So, I have a question - would repealing the 3-strikes rule really have that much of a difference on the percentage of the population who is (or will be) incarcerated? In other words, what is the percentage of the currently incarcerated population that is there because they are indeed criminals who have no desire to be reformed?

### #60Khaiy  Members

Posted 02 June 2011 - 01:44 PM

The cause is somewhat twofold. The problem isn't JUST that we are incarcerating repeat offenders longer, but also that we have more repeat offenders. Is the solution to stop incarcerating repeat offenders as harshly or to try to decrease the number of repeat offenders?

A significant issue is that any solution dealing with the latter probably won't take significant effect for 20 years.

Of course we shouldn't just not jail repeat offenders. But there's no denying that incarceration is expensive, nor that there's a fairly high rate of recidivism (though again, that varies by crime). It's all well and good to get criminals off of the streets (especially dangerous ones), but you also can't pretend that that experience stops them from offending again.

So you end up stuck in a situation where you pay $X to reduce crime for a set period, and can estimate the percentage of crime you will re-introduce to an area if you stop spending that money. You can even break that down by type of crime if you want, to more precisely estimate the cost of reducing the crime rate by incarceration. So you end up with a number that describes at least roughly how much society pays (in dollars) for every reduction of crime caused by repeat offenders being in jail. I don't know that number, but whatever it is I would imagine that building more prisons to accomodate more prisoners is going to be an expensive investment. And anything that reduces the recidivism rate (or otherwise reduces the crime rate) will reduce the value of that investment for its shareholders (now the companies that own the prisons), even though it produces value for society and for taxpayers. It's that mismatch of incentives that troubles me. Even with three strikes, the US incarceration rate has increased despite a drop in crime rate, and recidivism doesn't explain that at all. We're investing in prisons and the industry of imprisonment, paying something like$60 per offender per day to keep our crime rate low, and we know that there's no long term benefit to this investment. It only works immediately and as we continue to pay. And that would suit the prison industry just fine.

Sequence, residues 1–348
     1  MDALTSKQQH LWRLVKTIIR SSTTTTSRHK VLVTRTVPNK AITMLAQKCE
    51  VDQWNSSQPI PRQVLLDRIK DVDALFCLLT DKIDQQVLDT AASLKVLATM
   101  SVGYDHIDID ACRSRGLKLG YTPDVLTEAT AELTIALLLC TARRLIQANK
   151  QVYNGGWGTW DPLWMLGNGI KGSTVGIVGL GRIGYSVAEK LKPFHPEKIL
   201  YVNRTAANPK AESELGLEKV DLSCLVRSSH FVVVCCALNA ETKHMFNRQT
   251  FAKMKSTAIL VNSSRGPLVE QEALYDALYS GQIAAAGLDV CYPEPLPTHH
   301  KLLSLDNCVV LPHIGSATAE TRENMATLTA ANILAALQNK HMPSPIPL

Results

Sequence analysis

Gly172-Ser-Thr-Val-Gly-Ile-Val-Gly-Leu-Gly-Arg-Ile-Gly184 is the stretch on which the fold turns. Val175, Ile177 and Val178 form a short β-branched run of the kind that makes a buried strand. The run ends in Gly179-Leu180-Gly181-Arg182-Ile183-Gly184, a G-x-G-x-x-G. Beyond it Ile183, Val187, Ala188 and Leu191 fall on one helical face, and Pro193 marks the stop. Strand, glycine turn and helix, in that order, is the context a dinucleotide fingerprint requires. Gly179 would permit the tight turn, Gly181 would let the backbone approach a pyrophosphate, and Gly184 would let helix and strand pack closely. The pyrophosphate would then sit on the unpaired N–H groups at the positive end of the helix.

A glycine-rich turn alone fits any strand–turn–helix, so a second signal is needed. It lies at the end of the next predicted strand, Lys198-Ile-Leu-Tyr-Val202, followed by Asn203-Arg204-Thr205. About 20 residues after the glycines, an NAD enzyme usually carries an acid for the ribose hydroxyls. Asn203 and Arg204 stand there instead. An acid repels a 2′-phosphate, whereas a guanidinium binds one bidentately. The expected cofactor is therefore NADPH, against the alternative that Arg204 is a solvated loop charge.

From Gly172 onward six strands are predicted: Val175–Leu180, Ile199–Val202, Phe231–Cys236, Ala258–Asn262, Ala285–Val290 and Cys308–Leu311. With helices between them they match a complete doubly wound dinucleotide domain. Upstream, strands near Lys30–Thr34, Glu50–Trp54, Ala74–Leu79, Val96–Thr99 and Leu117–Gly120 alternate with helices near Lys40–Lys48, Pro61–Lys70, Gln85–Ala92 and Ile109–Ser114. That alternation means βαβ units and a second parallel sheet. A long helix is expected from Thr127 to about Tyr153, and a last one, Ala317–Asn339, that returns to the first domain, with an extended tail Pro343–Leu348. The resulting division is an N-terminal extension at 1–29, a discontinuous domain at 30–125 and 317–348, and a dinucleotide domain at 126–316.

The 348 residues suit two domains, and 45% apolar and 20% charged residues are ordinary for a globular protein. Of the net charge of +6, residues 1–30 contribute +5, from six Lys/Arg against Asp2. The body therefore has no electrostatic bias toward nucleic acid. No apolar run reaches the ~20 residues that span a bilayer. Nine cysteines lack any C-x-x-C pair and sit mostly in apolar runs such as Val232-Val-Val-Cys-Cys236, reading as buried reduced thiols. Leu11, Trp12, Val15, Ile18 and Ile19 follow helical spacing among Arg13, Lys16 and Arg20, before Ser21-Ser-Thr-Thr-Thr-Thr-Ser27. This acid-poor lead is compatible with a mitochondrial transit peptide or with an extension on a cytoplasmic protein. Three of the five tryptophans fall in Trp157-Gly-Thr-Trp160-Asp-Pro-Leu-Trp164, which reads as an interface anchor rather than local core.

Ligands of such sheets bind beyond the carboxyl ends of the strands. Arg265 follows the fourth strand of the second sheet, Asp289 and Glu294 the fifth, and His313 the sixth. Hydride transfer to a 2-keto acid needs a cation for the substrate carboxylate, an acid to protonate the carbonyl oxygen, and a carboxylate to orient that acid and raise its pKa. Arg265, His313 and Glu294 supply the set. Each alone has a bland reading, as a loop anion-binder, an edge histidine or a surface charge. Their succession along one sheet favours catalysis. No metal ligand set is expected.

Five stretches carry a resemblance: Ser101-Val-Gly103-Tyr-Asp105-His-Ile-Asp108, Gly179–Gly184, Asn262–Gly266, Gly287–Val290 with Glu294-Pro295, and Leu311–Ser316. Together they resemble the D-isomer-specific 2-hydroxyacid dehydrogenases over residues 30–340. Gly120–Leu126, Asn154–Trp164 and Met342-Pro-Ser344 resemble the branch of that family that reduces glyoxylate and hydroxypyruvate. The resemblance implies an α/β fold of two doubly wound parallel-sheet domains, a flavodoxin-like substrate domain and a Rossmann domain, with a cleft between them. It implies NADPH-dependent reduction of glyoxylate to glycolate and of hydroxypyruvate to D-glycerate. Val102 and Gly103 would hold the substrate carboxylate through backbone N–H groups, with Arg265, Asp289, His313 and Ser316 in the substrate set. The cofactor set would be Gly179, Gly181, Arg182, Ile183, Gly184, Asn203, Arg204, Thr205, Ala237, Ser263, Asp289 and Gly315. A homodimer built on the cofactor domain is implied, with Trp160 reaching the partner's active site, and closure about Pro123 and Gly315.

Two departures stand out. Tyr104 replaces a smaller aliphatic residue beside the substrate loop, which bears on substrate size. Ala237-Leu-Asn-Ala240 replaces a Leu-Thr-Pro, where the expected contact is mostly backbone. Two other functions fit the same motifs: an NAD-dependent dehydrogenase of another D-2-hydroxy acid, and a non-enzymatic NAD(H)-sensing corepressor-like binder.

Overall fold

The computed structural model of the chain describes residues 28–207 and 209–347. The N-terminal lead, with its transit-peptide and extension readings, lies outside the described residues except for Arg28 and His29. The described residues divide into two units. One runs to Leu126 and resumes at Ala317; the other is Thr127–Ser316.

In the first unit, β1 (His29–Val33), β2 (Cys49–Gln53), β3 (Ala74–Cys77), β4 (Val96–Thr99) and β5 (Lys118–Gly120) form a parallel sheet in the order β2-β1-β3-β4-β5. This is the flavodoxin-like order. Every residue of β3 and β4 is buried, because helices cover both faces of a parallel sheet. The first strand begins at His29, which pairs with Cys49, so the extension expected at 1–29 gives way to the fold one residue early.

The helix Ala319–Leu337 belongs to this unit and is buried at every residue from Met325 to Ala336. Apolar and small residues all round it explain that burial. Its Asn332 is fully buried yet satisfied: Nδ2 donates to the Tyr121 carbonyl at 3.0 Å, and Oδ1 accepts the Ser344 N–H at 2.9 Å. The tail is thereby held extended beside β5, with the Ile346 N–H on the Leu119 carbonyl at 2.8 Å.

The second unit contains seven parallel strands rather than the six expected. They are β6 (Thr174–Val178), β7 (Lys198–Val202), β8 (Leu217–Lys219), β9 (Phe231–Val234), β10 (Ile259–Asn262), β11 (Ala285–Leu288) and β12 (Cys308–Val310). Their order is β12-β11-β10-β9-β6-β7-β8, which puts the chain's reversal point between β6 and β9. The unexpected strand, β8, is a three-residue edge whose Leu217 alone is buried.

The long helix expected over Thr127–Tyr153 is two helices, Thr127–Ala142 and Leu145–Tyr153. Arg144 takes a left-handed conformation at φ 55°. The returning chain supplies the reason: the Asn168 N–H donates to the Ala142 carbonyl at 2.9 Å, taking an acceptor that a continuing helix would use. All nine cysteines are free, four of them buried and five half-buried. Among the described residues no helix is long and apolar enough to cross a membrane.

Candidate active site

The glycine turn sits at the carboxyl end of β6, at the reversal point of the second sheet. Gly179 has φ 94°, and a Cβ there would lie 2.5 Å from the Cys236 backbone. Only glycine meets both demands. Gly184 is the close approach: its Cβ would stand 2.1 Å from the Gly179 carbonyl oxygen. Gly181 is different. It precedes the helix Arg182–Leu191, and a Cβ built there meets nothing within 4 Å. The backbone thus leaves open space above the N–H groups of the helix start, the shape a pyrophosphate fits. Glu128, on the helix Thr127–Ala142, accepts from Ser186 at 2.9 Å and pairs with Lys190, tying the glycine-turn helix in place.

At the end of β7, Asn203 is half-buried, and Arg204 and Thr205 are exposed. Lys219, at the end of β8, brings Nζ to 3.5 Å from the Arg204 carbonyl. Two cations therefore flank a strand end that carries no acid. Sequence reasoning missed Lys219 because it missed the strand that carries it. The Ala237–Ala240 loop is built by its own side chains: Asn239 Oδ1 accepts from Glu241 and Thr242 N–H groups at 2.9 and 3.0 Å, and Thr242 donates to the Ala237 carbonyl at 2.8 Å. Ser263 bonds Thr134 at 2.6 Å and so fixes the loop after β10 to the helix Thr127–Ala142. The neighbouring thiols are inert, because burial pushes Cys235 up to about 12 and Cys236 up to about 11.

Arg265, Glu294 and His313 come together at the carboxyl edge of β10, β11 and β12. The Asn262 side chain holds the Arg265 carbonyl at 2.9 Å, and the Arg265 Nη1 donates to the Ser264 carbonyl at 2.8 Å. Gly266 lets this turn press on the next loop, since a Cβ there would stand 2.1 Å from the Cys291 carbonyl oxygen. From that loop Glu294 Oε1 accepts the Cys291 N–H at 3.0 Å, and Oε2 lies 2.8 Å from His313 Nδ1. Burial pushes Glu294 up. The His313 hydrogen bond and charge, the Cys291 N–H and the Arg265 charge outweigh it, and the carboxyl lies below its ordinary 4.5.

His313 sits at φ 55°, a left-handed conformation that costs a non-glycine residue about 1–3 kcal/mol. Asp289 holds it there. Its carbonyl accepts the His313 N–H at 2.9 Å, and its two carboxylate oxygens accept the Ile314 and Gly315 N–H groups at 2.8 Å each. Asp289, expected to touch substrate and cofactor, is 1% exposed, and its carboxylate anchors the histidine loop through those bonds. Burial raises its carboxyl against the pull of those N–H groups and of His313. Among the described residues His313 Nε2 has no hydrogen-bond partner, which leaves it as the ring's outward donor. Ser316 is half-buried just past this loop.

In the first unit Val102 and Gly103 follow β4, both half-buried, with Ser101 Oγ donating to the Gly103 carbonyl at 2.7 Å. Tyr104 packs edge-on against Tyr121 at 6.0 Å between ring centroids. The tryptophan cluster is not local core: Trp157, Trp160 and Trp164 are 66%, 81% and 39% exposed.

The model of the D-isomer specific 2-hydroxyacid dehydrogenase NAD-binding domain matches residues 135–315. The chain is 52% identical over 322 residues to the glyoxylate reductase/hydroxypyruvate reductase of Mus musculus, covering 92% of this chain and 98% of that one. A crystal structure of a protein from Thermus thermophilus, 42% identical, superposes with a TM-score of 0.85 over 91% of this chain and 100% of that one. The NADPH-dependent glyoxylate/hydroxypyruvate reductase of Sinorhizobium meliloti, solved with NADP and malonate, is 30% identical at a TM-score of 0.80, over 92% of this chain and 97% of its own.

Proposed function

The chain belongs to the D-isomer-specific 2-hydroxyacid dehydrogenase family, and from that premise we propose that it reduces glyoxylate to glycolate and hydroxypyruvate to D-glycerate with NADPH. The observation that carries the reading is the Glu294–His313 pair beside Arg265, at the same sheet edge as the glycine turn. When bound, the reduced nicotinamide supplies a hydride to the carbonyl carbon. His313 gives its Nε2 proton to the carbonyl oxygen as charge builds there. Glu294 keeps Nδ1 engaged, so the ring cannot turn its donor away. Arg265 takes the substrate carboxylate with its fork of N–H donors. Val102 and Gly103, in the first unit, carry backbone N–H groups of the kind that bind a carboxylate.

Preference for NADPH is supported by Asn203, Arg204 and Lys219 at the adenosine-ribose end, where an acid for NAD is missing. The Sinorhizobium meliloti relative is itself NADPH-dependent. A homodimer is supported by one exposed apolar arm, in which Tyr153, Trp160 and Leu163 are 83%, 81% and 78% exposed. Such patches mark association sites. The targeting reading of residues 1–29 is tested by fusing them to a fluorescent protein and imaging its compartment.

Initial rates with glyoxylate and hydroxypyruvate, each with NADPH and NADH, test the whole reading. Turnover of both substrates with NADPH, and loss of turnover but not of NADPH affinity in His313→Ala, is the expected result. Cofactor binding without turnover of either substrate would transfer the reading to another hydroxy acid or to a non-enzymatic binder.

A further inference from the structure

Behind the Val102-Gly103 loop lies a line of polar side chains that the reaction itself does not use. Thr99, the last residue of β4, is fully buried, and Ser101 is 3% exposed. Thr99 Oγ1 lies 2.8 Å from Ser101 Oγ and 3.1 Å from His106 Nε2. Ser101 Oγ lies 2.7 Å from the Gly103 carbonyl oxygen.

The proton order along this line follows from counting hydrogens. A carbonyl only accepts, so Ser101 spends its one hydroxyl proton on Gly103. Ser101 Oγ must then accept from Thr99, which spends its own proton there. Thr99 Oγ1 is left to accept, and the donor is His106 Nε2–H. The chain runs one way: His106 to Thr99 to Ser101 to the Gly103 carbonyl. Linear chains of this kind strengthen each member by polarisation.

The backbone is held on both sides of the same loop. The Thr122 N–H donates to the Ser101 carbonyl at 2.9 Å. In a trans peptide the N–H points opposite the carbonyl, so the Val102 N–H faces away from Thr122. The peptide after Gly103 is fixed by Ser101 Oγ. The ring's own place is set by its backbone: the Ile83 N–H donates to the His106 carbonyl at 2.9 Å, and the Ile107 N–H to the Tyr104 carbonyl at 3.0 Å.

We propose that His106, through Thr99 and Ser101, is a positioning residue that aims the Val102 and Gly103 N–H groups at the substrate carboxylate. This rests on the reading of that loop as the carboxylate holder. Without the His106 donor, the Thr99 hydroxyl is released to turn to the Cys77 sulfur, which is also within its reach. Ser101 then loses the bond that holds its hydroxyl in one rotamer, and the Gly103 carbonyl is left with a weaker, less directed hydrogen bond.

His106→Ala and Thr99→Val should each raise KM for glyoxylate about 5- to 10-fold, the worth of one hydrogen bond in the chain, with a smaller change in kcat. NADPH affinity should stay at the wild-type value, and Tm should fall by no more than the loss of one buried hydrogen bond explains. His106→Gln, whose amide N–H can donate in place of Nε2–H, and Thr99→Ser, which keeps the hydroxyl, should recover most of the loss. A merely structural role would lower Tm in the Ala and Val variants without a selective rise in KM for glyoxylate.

Even if we leave today's prison budget as it is, there's absolutely no reason not to invest in anything that might reduce the need for those prisons against their future costs. And if we can accept that, strikes and recidivists aside, some people don't need to be in jail to protect society (like non-violent drug offenders, for example), we can use the money that we would have spent jailing them to try and reduce recidivism for more serious criminals. At the rate linked above, if we kept 100 such low-to-no-harm offenders out of prison, that's ~\$6.24 million that can be allocated elsewhere-- like to trying to reduce recidivism.

Even if reducing the recidivism rate will take a while, prison is too expensive not to make the attempt. It certainly sounds like a better investment to me than building ever more prisons while the crime rate continues to fall.

I was countering his statement that it was an isolated incident.

But now you mention it I'll counter the argument that such situations are a minority of cases. Evidence has been presented in this thread that at least half of Americans in prison are in for non-violent crimes. By extension, and unless evidence is presented to the contrary (evidence I haven't been able to find), we can assume that about half of three-strikes are also due to non-violent crimes.

On a national (or even statewide) scale, three incidents aren't much less isolated than one. You will never get to a statistically significant number of such cases presenting them one at a time. If you present statistics, you've presented evidence. If you present a story, you've presented a story, whether the conclusion you draw from it (or them) is accurate or not.

And I don't think that you can extend the non-violent crime statistics that way. First, the point that tstrimple was making is about people three-striked for petty crimes, not non-violent ones. It might still make sense to get a strike against you if you're a national-level heroin dealer, after all.

Second, you can only make that extension if strikes are evenly distributed among the prison population (or would be, if strike laws were consistent and present in all locations). This may be the case, and is especially likely to be if strikes are given out freely, even for petty crimes. But it's a big assumption to make that all crimes are essentially equal, and if you want to posit it then it's on you to demonstrate that those conditions are true.

-------R.I.P.-------

Selective Quote

~Too Late - Too Soon~